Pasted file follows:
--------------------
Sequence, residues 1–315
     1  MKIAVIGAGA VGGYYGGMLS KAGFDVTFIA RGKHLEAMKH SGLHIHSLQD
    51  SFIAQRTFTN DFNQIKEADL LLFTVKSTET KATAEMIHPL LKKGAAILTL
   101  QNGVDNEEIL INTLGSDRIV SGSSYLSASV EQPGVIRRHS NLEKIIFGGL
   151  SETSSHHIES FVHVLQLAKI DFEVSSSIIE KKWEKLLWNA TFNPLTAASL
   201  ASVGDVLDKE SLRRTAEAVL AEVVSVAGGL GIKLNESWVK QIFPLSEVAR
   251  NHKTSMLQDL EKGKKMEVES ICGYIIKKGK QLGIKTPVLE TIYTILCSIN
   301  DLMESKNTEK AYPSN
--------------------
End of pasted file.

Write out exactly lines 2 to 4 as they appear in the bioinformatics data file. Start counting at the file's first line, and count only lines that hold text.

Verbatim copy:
     1  MKIAVIGAGA VGGYYGGMLS KAGFDVTFIA RGKHLEAMKH SGLHIHSLQD
    51  SFIAQRTFTN DFNQIKEADL LLFTVKSTET KATAEMIHPL LKKGAAILTL
   101  QNGVDNEEIL INTLGSDRIV SGSSYLSASV EQPGVIRRHS NLEKIIFGGL